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Psychological treatments for irritable bowel syndrome: a comprehensive systematic review and meta-analysis
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Number of Authors: 122023 (English)In: Cognitive Behaviour Therapy, ISSN 1650-6073, E-ISSN 1651-2316, Vol. 52, no 6, p. 565-584Article, review/survey (Refereed) Published
Abstract [en]

A wide range of psychological treatments have been found to reduce the symptoms of irritable bowel syndrome (IBS) but their relative effects are unclear. In this systematic review and meta-analysis, we determined the effects of psychological treatments for IBS, including subtypes of cognitive behavior therapy, versus attention controls. We searched 11 databases (March 2022) for studies of psychological treatments for IBS, reported in journal articles, books, dissertations, and conference abstracts. The resulting database comprised 9 outcome domains from 118 studies published in 1983–2022. Using data from 62 studies and 6496 participants, we estimated the effect of treatment type on improvement in composite IBS severity using random-effects meta-regression. In comparison with the attention controls, there was a significant added effect of exposure therapy (g = 0.52, 95% CI = 0.17–0.88) and hypnotherapy (g = 0.36, 95% CI = 0.06–0.67) when controlling for the pre- to post-assessment duration. When additional potential confounders were included, exposure therapy but not hypnotherapy retained a significant added effect. Effects were also larger with a longer duration, individual treatment, questionnaire (non-diary) outcomes, and recruitment outside of routine care. Heterogeneity was substantial. Tentatively, exposure therapy appears to be a particularly promising treatment for IBS. More direct comparisons in randomized controlled trials are needed. OSF.io identifier: 5yh9a.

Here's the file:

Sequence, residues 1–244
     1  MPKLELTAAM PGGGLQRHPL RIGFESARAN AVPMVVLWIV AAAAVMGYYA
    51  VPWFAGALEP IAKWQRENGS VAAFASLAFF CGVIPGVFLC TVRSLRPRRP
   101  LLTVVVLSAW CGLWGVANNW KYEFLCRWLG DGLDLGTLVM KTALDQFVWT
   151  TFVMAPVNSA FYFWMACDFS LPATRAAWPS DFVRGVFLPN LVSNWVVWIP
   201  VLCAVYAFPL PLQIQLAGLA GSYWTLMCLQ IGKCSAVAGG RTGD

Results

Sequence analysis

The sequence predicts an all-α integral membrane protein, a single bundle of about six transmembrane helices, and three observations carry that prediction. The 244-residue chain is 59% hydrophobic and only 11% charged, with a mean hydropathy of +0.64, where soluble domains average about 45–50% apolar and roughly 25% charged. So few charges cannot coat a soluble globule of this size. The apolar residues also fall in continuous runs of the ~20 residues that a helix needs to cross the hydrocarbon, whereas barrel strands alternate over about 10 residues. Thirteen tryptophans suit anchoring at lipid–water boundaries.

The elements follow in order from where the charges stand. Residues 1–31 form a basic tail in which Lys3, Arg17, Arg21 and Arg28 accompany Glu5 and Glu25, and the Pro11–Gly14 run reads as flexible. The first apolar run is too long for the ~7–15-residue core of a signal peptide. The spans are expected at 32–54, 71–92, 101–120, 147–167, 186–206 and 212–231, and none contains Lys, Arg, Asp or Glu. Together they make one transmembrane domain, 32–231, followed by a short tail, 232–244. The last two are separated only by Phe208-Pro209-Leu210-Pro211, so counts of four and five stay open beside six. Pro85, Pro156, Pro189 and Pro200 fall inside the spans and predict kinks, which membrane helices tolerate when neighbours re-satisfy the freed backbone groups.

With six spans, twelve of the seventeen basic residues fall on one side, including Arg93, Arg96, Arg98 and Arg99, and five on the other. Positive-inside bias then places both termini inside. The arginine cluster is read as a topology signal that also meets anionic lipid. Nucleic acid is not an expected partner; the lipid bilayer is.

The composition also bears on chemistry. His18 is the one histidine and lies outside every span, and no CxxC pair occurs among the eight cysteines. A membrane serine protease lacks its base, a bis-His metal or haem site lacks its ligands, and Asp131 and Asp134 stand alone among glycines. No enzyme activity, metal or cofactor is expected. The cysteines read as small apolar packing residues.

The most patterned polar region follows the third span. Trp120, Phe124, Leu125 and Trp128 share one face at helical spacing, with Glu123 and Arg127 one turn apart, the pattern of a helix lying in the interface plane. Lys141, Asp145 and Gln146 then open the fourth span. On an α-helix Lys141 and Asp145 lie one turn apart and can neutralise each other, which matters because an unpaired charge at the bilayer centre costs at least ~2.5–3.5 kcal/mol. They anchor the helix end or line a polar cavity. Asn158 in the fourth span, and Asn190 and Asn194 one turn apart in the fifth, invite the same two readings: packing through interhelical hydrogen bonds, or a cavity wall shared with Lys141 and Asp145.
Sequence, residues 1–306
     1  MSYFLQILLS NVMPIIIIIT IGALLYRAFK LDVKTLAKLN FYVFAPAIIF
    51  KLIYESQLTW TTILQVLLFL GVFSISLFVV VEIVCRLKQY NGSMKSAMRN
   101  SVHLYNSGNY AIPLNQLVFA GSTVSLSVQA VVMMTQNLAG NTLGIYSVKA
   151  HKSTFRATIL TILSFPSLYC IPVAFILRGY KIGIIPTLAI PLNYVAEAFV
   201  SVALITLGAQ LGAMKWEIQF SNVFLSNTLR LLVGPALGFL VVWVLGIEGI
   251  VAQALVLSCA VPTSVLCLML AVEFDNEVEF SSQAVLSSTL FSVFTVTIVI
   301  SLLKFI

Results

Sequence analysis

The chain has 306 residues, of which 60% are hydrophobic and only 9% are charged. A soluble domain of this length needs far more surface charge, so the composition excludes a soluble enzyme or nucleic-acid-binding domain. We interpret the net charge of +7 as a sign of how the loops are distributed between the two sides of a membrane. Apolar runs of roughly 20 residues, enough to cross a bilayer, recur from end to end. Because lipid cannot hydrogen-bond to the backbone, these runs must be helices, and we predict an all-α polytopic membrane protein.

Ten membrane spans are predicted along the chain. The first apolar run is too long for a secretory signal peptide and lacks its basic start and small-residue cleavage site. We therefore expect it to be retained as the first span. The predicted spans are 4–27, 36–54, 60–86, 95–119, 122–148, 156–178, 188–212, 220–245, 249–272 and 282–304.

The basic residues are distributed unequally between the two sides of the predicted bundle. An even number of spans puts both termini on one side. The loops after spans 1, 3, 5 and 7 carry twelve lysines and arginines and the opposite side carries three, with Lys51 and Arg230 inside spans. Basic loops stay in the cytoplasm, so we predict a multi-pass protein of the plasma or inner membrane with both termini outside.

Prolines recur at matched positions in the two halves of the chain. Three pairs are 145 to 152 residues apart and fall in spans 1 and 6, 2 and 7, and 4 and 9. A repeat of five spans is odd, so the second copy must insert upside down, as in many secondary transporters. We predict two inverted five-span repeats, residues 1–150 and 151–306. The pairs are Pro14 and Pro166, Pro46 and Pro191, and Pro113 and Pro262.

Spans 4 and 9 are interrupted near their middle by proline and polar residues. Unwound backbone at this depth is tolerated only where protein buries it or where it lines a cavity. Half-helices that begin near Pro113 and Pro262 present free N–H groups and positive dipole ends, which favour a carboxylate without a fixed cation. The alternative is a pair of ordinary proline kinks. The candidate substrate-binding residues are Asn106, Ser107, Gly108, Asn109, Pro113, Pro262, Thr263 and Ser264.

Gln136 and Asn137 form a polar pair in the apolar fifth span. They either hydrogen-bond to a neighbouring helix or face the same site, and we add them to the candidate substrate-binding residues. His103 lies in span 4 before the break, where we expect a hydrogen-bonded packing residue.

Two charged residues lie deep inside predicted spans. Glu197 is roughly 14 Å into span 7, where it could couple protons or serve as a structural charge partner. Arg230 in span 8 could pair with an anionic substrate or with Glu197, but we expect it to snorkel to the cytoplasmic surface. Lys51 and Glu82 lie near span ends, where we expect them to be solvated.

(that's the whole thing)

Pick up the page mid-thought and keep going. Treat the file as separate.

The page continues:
Place, publisher, year, edition, pages
2023. Vol. 52, no 6, p. 565-584
Keywords [en]
functional gastrointestinal disorders, gut-brain interaction, psychotherapy, systematic review
National Category
Applied Psychology Public Health, Global Health, Social Medicine and Epidemiology
Research subject
Psychology
Identifiers
URN: urn:nbn:se:su:diva-221273DOI: 10.1080/16506073.2023.2225745ISI: 001013937400001PubMedID: 37341454Scopus ID: 2-s2.0-85162683468OAI: oai:DiVA.org:su-221273DiVA, id: diva2:1799848
Note

This study was supported by Region Stockholm [ALF project], The Swedish Research Council [521-2013-2846], Jane and Dan Olsson foundation [4-1559/2013], and The Swedish Research Council for Health, Working life and Welfare [2014-4052].

Available from: 2023-09-25 Created: 2023-09-25 Last updated: 2024-01-15Bibliographically approved

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Johansson, Robert

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